|Birth: ||Nov. 23, 1845|
|Death: ||Feb. 8, 1929|
Longview (Shelby County)
Sarah "Sallie" Elizabeth Varnon was born on November 23, 1845, the first-born child of Talmon and Mary Jane (Carmichael) Varnon. According to the 1850 and 1860 federal census records, the earliest in which she was named, she was born in Alabama. Other census records indicate she was born in Georgia.
Since her parents were living in Broom Town Valley, Chattooga County, Georgia, at the time they gave the information for the 1850 census, indicating Sarah's father, Talmon, was born in Alabama and her mother, Mary Jane, was born in Georgia, speculation is that after her parents marriage they lived in Alabama where her father was probably working. Further, that shortly after Sarah's birth, the family moved to Georgia, her mother's home state. They were in Georgia for both the 1850 federal census and the 1860 federal census.
By 1870, the family had moved to Shelby County, Alabama and were living in the general area of the town of Columbiana.
Oral history passed down gives a glimpse into Sarah's youth. Sarah was very petite with reddish hair and a vivacious personality. Her granddaughter, Helen McGiboney Crim, related one story that had been told to her. It seems Sarah loved to dance and her father, a shoemaker, made an especially lovely pair of dancing shoes for a special occasion Sarah would attend. He gave them to her, impressing that he had taken much time and care and the shoes were especially fine. He, perhaps knowing his daughter all too well, stressed that she should be careful with, and take good care of, the shoes. Sarah was thrilled with the shoes and, from all accounts, had a wonderful evening. The next morning when asked about it, she produced the shoes with the soles completely "danced through" and sheepishly requested another identical pair from her long-suffering father.
On June 13, 1872, Sarah married John Alexander McGiboney. They would have five children: William Robert, Thomas Eugene, Minnie Bell, and twins, Edgar Talmon and John Elmer.
Another story was related by Helen McGiboney Crim, this one involving Sarah as a grandmother teaching her grandchildren some important lessons. The incident revolved around snuff! It seems that, as a child, Sarah had a nurse/nanny who thought it amusing to give her snuff at times her parents were not there. The little girl learned to like it and craved the powdered tobacco to the point that she became "addicted" to it. She later admitted that she would manipulate situations and people so she could get snuff. She not only hated the habit but feel ashamed and guilty that it made her compromise her values. Later, as an adult, she impressed upon her children and grandchildren the "evils" of the product and absolutely forbade them to have or use snuff. According to Sarah's granddaughter, Helen, on one particular day, Sarah again told her (and Helen's cousin Thelma McGiboney) that they were NEVER to use snuff.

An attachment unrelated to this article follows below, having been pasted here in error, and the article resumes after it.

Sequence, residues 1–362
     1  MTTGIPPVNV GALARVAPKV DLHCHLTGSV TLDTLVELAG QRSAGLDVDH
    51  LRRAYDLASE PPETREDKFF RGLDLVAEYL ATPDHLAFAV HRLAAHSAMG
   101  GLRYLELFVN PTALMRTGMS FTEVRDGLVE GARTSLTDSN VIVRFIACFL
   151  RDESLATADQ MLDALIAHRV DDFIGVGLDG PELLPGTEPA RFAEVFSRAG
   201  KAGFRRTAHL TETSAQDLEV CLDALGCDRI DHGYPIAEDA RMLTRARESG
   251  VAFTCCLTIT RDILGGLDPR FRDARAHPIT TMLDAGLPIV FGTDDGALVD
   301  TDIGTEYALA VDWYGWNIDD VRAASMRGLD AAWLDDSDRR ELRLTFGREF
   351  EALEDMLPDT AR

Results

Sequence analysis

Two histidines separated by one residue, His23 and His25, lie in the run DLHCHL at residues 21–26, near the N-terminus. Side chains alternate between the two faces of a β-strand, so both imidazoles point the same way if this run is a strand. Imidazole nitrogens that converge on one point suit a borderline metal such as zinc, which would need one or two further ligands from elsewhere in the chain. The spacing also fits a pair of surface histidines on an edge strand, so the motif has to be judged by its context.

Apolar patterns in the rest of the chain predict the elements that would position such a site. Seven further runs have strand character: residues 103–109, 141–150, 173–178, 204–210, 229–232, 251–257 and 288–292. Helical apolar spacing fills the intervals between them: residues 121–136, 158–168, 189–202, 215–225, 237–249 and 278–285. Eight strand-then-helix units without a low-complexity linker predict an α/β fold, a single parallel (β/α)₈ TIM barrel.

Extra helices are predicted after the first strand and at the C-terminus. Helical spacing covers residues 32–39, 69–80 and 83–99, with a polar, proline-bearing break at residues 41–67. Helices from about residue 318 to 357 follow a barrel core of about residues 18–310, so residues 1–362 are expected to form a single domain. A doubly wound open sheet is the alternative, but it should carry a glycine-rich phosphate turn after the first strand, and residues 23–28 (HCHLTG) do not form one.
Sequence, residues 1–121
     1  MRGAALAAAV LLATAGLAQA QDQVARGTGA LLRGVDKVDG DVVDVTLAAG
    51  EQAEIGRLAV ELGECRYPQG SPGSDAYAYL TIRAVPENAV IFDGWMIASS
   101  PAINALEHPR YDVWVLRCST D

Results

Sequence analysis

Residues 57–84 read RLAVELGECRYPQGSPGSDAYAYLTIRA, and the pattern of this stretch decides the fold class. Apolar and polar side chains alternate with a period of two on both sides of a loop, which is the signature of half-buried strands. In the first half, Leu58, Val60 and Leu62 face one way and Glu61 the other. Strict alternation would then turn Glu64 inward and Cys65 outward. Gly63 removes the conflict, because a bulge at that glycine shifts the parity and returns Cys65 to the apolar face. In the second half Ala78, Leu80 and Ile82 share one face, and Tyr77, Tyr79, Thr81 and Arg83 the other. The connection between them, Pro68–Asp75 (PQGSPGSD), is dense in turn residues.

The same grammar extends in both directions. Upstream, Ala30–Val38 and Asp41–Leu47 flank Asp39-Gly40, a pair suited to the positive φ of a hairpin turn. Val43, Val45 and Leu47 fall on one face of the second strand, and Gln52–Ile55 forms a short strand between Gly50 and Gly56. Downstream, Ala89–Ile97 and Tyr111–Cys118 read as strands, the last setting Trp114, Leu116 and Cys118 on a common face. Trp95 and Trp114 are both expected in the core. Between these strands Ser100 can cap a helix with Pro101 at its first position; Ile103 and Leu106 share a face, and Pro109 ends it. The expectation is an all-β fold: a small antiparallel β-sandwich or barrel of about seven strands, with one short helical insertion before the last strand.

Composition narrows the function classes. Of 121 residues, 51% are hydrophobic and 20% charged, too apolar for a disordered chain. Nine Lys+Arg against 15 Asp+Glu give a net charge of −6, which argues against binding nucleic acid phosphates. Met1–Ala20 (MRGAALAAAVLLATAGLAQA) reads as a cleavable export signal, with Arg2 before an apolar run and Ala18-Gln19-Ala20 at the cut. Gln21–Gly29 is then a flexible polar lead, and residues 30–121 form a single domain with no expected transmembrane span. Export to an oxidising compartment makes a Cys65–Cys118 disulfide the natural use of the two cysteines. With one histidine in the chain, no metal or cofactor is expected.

Helen and Thelma, youngsters of perhaps ten years of age, decided to play a trick on "Granny." They mixed cocoa with sugar and put it in a tin to resemble snuff. Then, they pretended to "hide" behind the house -- and, with much giggling, proceeded to "dip" their concoction, timing it for when they knew Granny would probably be watching from inside. As they expected, Granny Sarah came rushing out, appearing flustered and extremely upset. But, NOT as expected, and despite their protestations of innocence and that "it was just a joke," Granny Sarah was having none of it. Their usually loving and gentle grandmother gave them a stern lecture and a spanking! She later told them she knew all along they did not have snuff but wanted, not only to impress upon them there were not to even think about using snuff, but also to teach them about the value of absolute honesty.
Sarah's husband, John, predeceased her by almost two years. She received a pension based on his service as a Confederate soldier. Toward the end of her life, Sarah stayed at the home of her only daughter, Minnie Bell, and Minnie's husband, Robert David Crim. She died there on February 8, 1929.
Obituary for Sarah Elizabeth Varnon McGiboney appeared in the Shelby Co. Reporter, Feb. 14, 1919:
"MRS. SALLIE McGIBONEY BURIED SUNDAY AFTERNOON
Mrs. Sallie McGiboney, widow of the late J. A. McGiboney, died at the home of her daughter, Mrs. Minnie Crim, at Longview, Friday afternoon, after a short illness. She was 84 years old.
Funeral services were held in the Columbiana Methodist Church Sunday morning, the service being conducted by Rev. O. R. Burns and Rev. T. K. Roberts. Interment in the Columbiana cemetery followed.
Mrs. McGiboney had lived practically all her long life in Shelby county. She was a life-long and devoted member of the Methodist church. Her connection with the Columbiana Methodist church had been for the most part continuous for fifty years.
Surviving Mrs. McGiboney are one daughter, Mrs. Crim, and three sons, Tom, Elmer, and Edwin [sic - should be Edgar] McGiboney."
[Biographical information and family links added by Patricia Crim Dietlein.]
Talmon Varnon (1818 - 1891)
John Alexander McGiboney (1845 - 1927)*
Thomas Eugene McGiboney (1874 - 1952)*
Minnie Bell McGiboney Crim (1880 - 1966)*
Edgar Talmon McGiboney (1884 - 1976)*
Maintained by: Patricia Crim Dietlein
Originally Created by: Richard Finch
Record added: Aug 26, 2009
Find A Grave Memorial# 41197456